Anyone reloading shotgun?


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Bill Z
January 16, 2006, 06:49 PM
My daughter purchased a MEC 600 for me this Christmas along with bringing us a sackfull or hulls from the range, powder, wads, primers, and shot. We've loaded about 150 shells, she did most of them, but I'm running low on shot. I forgot to ask the club manager where he gets his supplies and how much they are, and am just trying to work the math out on this. It'sice making lighter loead for my daughter to shoot (well for me too) since we are both getting into shooting clays and I am starting to put on some three-gun and tactical matches. I just want to see if it's worth the time.

Sources anyone?

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HSMITH
January 16, 2006, 09:53 PM
Shot around here is up to $19 per bag.

Your best bet will be to ask around at the club and see if there are any group buys going on. Lots of retailers (non-chain types) will give you a break on 10 bags, another at 25 and a deep cut at 100 bags. Same thing with powder and wads.

I don't know what current discounts are on quantities around here, the last time I bought shot I bought 100 bags for $10 per bag. Split 3 ways it wasn't too bad....

birddog
January 16, 2006, 09:58 PM
I don't have any sources, since I buy all of my stuff locally. But, cost-wise, in my opinion, it's worth it. I load Win AA hulls which are very common and dirt cheap, Clays powder, which is the same, Win 209 primers and WAA12 wads which are also readily available and inexpensive. My 1 1/8 loads are identical for size 6 pheasant and rabbit loads, size 8 woodcock and clays loads. I don't vary them in the slightest (I've never been a believer in high power loads for pheasant) and once my MEC progressive was set up, I haven't had to change a thing. PM me if you want my load recipe.

Joel

Khornet
January 17, 2006, 10:50 AM
getting the book 'Reloading for Shotgunners' available from many sources. Matching of components, especially hulls and wads, is not all that straightforward.

rocky
January 17, 2006, 11:03 AM
I think long term it's more affordable, if you have the time to reload. Also check out Midway and others for pricing.

Bill Z
January 17, 2006, 12:17 PM
Thanks for the input. I've got enough to get started, but I like to do a lot of reloading while it's cool since my shop's airconditioning doesn't do it justice in our Georgia summers and I need to devote the mornings to customers work.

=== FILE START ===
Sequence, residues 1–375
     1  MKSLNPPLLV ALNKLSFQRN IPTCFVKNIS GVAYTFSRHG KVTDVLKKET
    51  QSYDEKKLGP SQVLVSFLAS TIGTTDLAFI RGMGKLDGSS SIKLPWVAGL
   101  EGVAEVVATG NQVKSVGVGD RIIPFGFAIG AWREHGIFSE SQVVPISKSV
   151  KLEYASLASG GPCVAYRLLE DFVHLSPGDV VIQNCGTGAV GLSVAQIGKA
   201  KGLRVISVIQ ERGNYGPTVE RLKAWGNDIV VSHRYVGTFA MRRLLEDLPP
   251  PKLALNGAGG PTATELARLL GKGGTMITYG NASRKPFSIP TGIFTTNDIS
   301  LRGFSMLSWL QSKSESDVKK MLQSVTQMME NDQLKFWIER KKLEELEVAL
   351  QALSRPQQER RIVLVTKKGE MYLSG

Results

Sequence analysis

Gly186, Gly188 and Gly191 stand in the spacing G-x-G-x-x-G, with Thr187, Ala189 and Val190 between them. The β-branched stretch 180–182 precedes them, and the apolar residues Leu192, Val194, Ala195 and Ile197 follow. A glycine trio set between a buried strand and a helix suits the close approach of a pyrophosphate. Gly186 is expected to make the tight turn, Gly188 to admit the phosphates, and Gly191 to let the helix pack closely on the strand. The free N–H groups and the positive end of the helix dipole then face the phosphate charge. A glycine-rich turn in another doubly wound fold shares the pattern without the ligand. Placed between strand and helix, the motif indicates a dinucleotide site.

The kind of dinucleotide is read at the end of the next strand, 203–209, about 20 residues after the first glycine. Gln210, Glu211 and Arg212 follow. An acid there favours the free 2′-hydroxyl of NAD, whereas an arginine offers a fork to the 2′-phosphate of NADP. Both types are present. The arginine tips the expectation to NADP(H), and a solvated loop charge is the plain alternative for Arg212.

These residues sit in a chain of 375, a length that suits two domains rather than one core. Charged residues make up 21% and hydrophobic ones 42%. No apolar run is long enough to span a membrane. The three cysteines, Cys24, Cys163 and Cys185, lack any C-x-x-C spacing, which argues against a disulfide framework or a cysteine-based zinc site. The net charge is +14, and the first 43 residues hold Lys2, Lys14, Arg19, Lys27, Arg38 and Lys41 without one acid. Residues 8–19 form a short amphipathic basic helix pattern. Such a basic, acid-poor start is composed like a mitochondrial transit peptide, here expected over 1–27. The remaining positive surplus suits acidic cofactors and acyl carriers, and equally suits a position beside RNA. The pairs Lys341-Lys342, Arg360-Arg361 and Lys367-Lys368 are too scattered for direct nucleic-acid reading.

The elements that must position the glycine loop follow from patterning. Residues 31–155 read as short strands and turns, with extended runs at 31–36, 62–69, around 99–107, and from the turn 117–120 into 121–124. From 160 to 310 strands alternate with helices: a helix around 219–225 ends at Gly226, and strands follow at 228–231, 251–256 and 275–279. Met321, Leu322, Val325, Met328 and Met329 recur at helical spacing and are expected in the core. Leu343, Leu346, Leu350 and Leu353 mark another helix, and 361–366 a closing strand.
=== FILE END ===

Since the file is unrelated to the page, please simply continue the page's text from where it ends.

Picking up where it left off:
I don't plan on doing any hunting, so I;m thinking of sticking with 7.5 and a soft load. Enough to break clays and know down plates.

larryw
January 17, 2006, 01:44 PM
When pricing shot, remember that the shipping is significant; if you're able to find it locally, even at a higher per-bag price, it may wind up being less expensive than mail order. You may want to check with the local clubs/clays fields to see if there is a group buy going on that you can get in on. Also, don't be afraid of using recycled shot for clays shooting; provided it is clean and screen sorted, it is just fine and saves you a bunch of money. Since shot cost is the lion's share of the total shell cost, watch this item closely.

As for wads, I've started using Claybuster wads instead of the "factory" ones (Winchester). Quality is outstanding and they will save you a bit of money. http://www.claybusterwads.com/claybuster.html

One source I use for all my reloading is Powder Valley: good prices, sensible shipping policies and great service. http://www.powdervalleyinc.com/

Buying a bunch of supplies up front, if you can get past the initial out of pocket, will save you some money.

The book mentioned above is recommended for the reasons already stated.

45auto
January 17, 2006, 06:08 PM
http://www.trapshooters.com/sreloadcalc.htm

Try the link above for a reloading calculator. Works well.

I'd recommend Clays powder because of the cost and low charge weights. In addition, Hodgdon has a comprehensive list of reloads using many different componants and hulls. Lot's of light loads from 7/8 through 1 1/8 oz.

IMHO, the best hull for longevity is the Remington STS.

scout26
January 17, 2006, 09:06 PM
Yep, we do a bunch of it, me - 12 ga, my daughter (she's 12) - 20 ga.

Buy in bulk, holds down the price per shell. Group buys knock the price way down.

IMO, Duster wads are less expensive and leave a a lots less residue in the barrel then claybuster wads, YMMV.

http://www.dusterwads.com/index-2.html

I try to buy locally to avoid the Haz Mat/shipping costs and to support my local shops, but I've also bought on-line when the deal is there.

Shot is just waaaaayyyy to expensive to ship to do it any way other then to buy locally, unless you literally buy a ton. :D

HSMITH
January 17, 2006, 11:47 PM
Dusters are good wads, better than Claybusters by a bunch. They don't work well in very cold temps though, they split and break when it gets down around freezing.